Farm to School Pilot

Several St. Lawrence County Schools will receive funding as part of a pilot program to bring locally produced food into school cafeterias.

School food service officials and school administrators from a number of schools in Jefferson and St. Lawrence counties met with approximately a half dozen growers last week to discuss the details of a farm-to-school pilot program that is being rolled out in the fall.

The schools that have been allocated funding from the pilot program in St. Lawrence County include Canton, Hammond, Hermon-Dekalb, Heuvelton, Lisbon, Madrid-Waddington, Massena, Norwood-Norfolk, Ogdensburg Free Academy and Potsdam.

"We have the opportunity to roll out this pilot program in the North Country first after I worked to get funding for a program I'm convinced has great potential for our local agriculture community as well as our schools," Assemblywoman Addie J. Russell, D-Theresa, said.

"The details of the pilot program were shared with both school districts and farmers. It provided an opportunity for district officials and the farmers to start to come together to figure out how they work with each other," she added.

She said the Adirondack North Country Association has been selected to administer the pilot program.

"They will be providing professional support and also have been tasked with data collection and compilation so we will have a report, which is absolutely necessary for us to try to increase this program in future years and grow it to other parts of the state," according to Assemblywoman Russell, chair of the Assembly Task Force on Food, Farm and Nutrition Policy,

"That means $200,000 from this grant is going to go directly to our schools to be able to purchase and serve local products," she pointed out.

Schools were notified of the amount of funding they will be receiving from the grant in recent days. Each school will get an allotment of funds ranging from $2,750 to $40,000 for the school year tied to a formula that includes the number of meals served in each school's cafeteria the previous school year.

"We wanted to share this funding information with our schools as soon as possible so they can integrate this money into their budgets and into their meal planning and work with our farmers to purchase food that's grown right here and start feeding it to our children in schools. These funds will be used to buy items from local farmers, augmenting what our school food service managers ordered months ago for their fall menus," Assemblywoman Russell said.

"The agriculture sector remains the largest economic driver in our region. The farm-to-school program is a way to strengthen our economy here in the North Country by allowing our farmers to grow their products and sell them to our local institutions. This program will also benefit our children by providing them with access to local, healthy food options in their school meals," she noted.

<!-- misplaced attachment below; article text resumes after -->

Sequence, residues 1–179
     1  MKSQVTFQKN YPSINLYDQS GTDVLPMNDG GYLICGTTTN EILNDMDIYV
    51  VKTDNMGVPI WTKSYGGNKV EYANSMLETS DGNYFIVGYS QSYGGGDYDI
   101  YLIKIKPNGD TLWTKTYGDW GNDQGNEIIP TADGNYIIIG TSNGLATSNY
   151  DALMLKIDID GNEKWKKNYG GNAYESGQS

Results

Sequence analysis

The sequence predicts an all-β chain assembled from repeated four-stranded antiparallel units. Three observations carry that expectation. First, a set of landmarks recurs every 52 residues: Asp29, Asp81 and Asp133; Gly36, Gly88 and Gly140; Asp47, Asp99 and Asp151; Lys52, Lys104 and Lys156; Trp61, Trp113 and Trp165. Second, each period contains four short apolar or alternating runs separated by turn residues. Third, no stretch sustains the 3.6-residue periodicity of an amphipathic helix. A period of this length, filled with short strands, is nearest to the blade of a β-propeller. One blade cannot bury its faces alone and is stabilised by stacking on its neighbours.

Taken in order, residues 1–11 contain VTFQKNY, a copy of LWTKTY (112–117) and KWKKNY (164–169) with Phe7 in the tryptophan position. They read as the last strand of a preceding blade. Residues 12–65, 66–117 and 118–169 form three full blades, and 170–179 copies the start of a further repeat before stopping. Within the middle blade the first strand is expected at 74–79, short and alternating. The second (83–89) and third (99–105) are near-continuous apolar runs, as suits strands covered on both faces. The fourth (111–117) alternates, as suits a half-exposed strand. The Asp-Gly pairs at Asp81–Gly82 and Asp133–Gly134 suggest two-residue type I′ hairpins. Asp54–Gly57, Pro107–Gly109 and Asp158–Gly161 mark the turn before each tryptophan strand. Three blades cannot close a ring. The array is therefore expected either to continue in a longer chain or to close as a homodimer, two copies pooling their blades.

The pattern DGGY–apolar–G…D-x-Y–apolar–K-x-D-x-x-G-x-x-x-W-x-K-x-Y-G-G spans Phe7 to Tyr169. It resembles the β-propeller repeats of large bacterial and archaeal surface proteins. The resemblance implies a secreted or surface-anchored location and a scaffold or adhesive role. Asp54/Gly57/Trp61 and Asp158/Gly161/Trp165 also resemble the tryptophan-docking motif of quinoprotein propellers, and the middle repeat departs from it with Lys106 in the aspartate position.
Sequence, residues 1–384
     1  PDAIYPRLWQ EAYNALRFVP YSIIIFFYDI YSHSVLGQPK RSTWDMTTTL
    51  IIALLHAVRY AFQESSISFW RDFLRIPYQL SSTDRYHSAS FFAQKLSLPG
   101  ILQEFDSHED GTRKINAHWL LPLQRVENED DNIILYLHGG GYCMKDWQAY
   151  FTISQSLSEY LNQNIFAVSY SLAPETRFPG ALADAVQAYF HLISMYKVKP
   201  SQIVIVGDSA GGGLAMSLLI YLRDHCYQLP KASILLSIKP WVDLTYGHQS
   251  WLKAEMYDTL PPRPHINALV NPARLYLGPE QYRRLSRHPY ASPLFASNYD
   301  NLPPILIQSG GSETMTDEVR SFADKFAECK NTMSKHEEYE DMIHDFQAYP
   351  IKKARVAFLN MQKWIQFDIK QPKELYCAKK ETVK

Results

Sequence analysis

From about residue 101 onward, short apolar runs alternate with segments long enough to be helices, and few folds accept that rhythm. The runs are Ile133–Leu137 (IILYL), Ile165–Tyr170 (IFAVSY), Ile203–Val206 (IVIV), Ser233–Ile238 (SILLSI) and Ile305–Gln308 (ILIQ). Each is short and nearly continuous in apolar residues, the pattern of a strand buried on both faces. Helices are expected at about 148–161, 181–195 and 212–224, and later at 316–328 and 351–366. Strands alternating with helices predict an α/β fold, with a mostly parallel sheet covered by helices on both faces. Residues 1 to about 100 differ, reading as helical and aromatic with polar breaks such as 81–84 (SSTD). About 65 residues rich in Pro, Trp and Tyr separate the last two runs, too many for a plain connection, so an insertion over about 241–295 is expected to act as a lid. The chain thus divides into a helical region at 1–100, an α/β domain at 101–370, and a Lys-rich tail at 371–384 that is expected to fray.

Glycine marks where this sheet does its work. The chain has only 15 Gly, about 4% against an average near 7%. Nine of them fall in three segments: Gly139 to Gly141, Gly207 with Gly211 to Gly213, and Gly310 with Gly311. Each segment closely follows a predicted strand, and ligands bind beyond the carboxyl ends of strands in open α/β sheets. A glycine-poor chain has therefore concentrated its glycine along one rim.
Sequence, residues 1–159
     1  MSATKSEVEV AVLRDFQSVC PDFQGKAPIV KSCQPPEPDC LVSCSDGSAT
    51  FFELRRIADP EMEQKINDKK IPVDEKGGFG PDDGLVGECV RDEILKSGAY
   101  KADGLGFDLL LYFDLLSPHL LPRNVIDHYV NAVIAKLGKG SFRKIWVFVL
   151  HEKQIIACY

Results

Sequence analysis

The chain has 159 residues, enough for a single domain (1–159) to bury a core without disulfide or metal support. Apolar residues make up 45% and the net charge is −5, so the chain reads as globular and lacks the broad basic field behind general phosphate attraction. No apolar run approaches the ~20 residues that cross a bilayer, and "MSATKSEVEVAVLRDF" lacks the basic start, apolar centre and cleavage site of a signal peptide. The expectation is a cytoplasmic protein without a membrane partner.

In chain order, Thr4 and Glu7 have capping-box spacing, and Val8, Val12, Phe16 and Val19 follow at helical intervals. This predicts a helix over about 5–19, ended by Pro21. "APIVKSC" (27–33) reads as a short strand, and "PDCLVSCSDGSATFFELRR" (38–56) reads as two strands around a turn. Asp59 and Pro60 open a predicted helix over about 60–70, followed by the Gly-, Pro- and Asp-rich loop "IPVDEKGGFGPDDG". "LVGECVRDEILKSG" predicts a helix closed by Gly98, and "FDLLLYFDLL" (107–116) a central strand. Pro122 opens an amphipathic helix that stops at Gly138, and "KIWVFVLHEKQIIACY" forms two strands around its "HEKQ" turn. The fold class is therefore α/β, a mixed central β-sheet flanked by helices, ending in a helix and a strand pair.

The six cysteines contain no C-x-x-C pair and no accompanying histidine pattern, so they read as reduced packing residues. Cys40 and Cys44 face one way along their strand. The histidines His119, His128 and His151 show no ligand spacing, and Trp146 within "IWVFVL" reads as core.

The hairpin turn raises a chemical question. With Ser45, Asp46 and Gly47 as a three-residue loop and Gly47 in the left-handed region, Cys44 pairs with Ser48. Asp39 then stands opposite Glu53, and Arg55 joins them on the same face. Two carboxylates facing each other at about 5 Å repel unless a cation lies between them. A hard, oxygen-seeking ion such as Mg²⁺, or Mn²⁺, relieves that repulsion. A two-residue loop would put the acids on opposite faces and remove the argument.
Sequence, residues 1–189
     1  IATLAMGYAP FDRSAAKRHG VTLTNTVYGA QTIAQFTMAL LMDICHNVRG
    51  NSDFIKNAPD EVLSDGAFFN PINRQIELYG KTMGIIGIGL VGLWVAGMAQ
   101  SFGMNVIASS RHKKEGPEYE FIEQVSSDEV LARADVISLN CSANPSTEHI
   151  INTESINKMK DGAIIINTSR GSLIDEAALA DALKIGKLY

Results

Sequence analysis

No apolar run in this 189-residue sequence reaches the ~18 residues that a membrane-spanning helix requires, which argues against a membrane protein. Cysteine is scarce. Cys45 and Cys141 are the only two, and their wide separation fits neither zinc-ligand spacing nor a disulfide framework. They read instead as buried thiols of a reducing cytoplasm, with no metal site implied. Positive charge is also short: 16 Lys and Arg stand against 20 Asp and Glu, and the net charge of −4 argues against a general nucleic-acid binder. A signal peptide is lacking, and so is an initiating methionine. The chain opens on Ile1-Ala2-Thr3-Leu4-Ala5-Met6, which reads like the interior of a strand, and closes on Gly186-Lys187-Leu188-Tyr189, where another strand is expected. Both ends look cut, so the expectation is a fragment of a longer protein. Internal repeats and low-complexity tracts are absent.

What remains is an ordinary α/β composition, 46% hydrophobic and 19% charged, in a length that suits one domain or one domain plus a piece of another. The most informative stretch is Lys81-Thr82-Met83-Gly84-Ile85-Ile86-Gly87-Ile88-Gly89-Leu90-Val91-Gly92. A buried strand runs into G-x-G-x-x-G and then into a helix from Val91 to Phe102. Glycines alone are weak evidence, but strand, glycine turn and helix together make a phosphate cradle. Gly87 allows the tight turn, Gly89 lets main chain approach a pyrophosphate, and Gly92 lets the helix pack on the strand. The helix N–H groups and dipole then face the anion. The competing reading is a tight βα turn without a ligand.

Dr. John Dewar, president of the North Country Grown Cooperative, Inc., and a retired physician, said the health benefits of incorporating more fruits and vegetables into our diets are clear.

He also praised Assemblywoman Russell for leading the fight that led to a change that allows small cooperatives to sell their products to schools.

Canton Central Food Service Director Blue Jay Fenlong said the pilot program is the first step in strengthening the relationship between schools and local farmers.

"We're buying this stuff now. If we can work out the logistics, my team is willing to work with you. We buy tons and tons and thousands of dollars of food from California. That doesn't make sense," she said.

Food service directors shared steps local producers would need to take to sell their products to local schools.

"Products need to come in clean or we won't accept it. We are serving a vulnerable population. I need to make sure that food is safe," Artie Fregoe, a food service director for several schools through St. Lawrence-Lewis BOCES, stressed.

He also noted producers will need to take the necessary steps to be approved vendors for the local schools and submit formal invoices that meet the requirements of the state Comptroller's Office.

Russell said it was important to bring school officials and producers together so those conversations could take place.

"There are specific requirements from the federal school lunch policies so this meeting was also about the school districts talking with farmers about how they can ensure their produce can actually be utilized by schools," she said.

She said improved relationships between the two parties could also play a role as farmers look at crop planting decisions in future years.

Contact

Patrick Ames
Executive Director
pta2@cornell.edu

Last updated August 31, 2016